LIBERIA: President's Nobel Peace Prize criticized by election rival

Ellen Johnson Sirleaf
REPORTING FROM JOHANNESBURG, SOUTH AFRICA, AND LOS ANGELES -- The news that President Ellen Johnson-Sirleaf and peace activist Leymah Gbowee have been awarded the Nobel Peace Prize was received with pride Friday by many in their native Liberia, a West African country scarred by a brutal and ruinous civil war.

But the timing of the announcement, just four days before Johnson-Sirleaf seeks reelection, angered some of her critics. Her main rival, Winston Tubman, called the choice provocative and unacceptable, Agence France-Presse reported.

Thorbjorn Jagland, head of the Nobel committee in Oslo, dismissed suggestions that the prize could influence the poll, saying the committee does not base its decisions on domestic political considerations.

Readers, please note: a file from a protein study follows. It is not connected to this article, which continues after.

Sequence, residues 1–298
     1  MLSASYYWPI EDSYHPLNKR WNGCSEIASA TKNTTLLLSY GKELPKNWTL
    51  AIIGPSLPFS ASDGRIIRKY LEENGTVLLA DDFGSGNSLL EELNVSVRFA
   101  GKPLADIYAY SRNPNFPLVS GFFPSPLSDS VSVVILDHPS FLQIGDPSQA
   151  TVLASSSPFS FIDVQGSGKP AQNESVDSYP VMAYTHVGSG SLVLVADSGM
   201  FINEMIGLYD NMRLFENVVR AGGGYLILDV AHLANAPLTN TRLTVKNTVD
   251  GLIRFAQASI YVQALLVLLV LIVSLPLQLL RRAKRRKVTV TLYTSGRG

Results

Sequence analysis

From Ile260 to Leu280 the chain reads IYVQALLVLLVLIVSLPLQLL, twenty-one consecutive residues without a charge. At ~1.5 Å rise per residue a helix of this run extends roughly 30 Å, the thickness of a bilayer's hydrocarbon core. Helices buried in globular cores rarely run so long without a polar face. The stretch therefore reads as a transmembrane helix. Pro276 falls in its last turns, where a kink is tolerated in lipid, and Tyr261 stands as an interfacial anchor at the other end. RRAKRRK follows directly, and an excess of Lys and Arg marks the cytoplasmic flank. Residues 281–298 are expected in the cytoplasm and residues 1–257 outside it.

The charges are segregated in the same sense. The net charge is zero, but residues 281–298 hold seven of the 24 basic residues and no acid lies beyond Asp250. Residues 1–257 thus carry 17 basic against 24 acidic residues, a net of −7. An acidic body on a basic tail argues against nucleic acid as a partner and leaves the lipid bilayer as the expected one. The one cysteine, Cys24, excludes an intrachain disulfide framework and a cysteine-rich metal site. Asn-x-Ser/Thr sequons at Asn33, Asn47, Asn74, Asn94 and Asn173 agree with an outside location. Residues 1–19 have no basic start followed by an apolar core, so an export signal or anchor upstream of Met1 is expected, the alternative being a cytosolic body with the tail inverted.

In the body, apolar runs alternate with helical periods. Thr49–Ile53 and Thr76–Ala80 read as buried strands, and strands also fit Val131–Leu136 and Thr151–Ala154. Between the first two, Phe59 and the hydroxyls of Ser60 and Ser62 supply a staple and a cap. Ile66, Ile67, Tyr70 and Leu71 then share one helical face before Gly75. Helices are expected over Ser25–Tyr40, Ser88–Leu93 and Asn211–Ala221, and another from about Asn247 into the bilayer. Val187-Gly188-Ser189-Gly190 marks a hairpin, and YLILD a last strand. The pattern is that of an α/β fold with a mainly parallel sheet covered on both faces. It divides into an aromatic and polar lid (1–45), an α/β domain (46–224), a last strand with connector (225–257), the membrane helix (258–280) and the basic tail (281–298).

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Three women's rights activists win Nobel Peace Prize

Nobel600
 
REPORTING FROM CAIRO -- The Nobel Peace Prize was awarded to three women from Africa and the Middle East who symbolized the nonviolent struggle to improve their nations and advance the role of women's rights throughout the world.

The winners were Liberian President Ellen Johnson Sirleaf, Africa’s first democratically elected female president; her countrywoman Leymah Gbowee, a peace activist who challenged warlords; and Tawakul Karman, a Yemeni human rights leader seeking to overthrow an autocratic regime as part of the so-called Arab Spring.

“We cannot achieve democracy and lasting peace in the world unless women obtain the same opportunities as men to influence developments at all levels of society,” said the citation read by Thorbjorn Jagland, head of the Nobel committee based in Oslo, Norway.

Photos: The 2011 Nobel Prizes

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